Corn snakes are sometimes referred to as red rat snakes, rosy rat snakes and even chicken snakes in some areas.
Corn snakes were classified as Elaphe guttata guttata but have recently been reclassified as Pantherophis guttatus.
Why a corn snake?
There are several reasons corn snakes are the most popular snakes in the pet trade. They are easy to care for, docile, come in a wide range of colors and patterns and breed readily in captivity. Corn snakes do not get very large with adults ranging from 3 1/2 to 5 feet in length and about 1 1/4 to 1 1/2 inches in diameter. So, when you combine size, ease of care, temperament, beauty and willingness to breed it is easy to see why they are probably the most popular pet snake out there.
Another plus...with the ease of captive breeding it is unnecessary to take corn snakes from the wild. This in turn, helps keep local populations strong.
Captive bred corn snakes can be purchased from pet stores, local breeders, reptile shows and via the Internet.
What to look for when getting a corn snake:
There are a few things to look for when purchasing your new corn snake. It should have good clear eyes with no signs of cloudiness or watering. The nostrils should be clean and clear with no signs of drainage or blockage. Make sure there are no mites or ticks. Mites look like little black dots similar to black pepper. Although they can be anywhere on a snake's body you will most likely see them around the eyes or mouth. The snake should have a full body. No loose skin or protruding backbone. Loose skin and a protruding backbone can be an indication of improper diet and other problems. You would also want to avoid one with pieces of unshed skin still attached. This can be a sign of improper husbandry and/or more serious problems. The snake should be active. Most people opt for hatchlings and a healthy hatchling should be active in your hands. Make sure it is feeding. Don't be afraid to ask questions. Learn as much as you can about the snake's feeding and shed history. You may also want to learn as much as you can about the parents/genetics of the snake you choose. This information can help you decide a direction if you choose to breed the snake in the future.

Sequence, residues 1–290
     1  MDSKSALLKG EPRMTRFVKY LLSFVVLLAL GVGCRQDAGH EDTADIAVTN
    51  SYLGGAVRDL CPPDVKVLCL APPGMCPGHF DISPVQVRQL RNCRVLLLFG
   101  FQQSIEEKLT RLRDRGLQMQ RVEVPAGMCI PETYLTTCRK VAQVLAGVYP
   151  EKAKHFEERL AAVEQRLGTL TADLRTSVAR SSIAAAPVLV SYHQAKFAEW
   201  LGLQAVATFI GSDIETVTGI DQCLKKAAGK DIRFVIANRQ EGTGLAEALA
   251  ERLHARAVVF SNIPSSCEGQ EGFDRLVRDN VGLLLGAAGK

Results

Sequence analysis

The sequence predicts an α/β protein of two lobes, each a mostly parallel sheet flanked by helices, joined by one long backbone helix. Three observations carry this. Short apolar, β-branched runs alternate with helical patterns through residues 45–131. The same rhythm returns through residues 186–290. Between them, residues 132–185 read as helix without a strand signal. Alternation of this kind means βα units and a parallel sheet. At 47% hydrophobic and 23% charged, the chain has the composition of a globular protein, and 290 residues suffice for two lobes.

There are many options for housing corn snakes. People use everything from plastic sweater boxes, glass aquariums to home-made vivariums for housing corn snakes. With hatchlings you can start with 6-quart plastic shoeboxes and as the snake grows you can move to larger enclosures. A 32-quart sweater box or 20 gallon (long) aquarium would be sufficient for an adult corn snake. Whatever your choice of housing there are basics that need to be followed. You will need a source of heat. Below or under tank heat is preferable. You can use specifically made under tank heaters, heat pads or heat tape to heat the habitat. Some type of temperature gradient is preferred. The temperatures should range from the low to mid eighties on the warm side to the mid seventies on the cool side. Do not use heat rocks in the enclosure. They can cause severe burns to your corn snake. You should provide a water dish large enough for your snake to soak in. They sometimes like to soak before a shed to help loosen the skin. Provide some form of hide on both sides of the tank. This allows the snake a secure place to hide in whichever temperature range it chooses. You will need a substrate for your snake habitats. You can use paper towels, newspaper or aspen shavings as substrates. These substrates are easy to replace, spot clean and are inexpensive. Stay away from cedar shavings or chips, sand, gravel and pine bark. These can be harmful to your snake. The cedar and pine can release toxic oils that can cause respiratory problems. The sand and gravel can cause impaction if accidentally swallowed and can also allow for bacterial growth when damp. You can provide a branch, limb or dowel rods for climbing. Your enclosure must have an escape proof lid. Check it carefully and then check it again. Corn snakes are escape artists. They can escape through anything they can get their nose through.
Corn snakes eat rodents.
It is best to feed them pre-killed frozen/thawed mice. Easier on the keeper and safer for the snake. Live mice can and have been known to injure snakes. Feeding schedules vary from keeper to keeper so I will stick to my methods for the purpose of this care sheet. Hatchlings should start with one pinkie a week. When one pinkie fails to leave a noticeable bulge move up to two pinkies a week. When two pinkies fail to leave a bulge move up to one fuzzy a week. When one fuzzy fails to leave a bulge move up to two fuzzies. After two fuzzies move up to one hopper. From one hopper to two hoppers. From two hoppers to one adult. When my snakes get to adult mice I only feed them one adult a week. If over fed they can become obese. As in all animals obesity can be dangerous. Your snake should never be fed a meal that is more then one and a half times its own diameter. You can get frozen mice from pet stores and breeders that specialize in feeder rodents.
This is a general care sheet and is by no means meant to be an exact formula for caring for your corn snake. This is simply an aid and a place to start. You should read as many care sheets, books and web sites as you can, before getting your corn snake.
|Co-Habitation by Jimmy Johnson||South Mountain Reptiles|
|VMS Professional Herptoculture|
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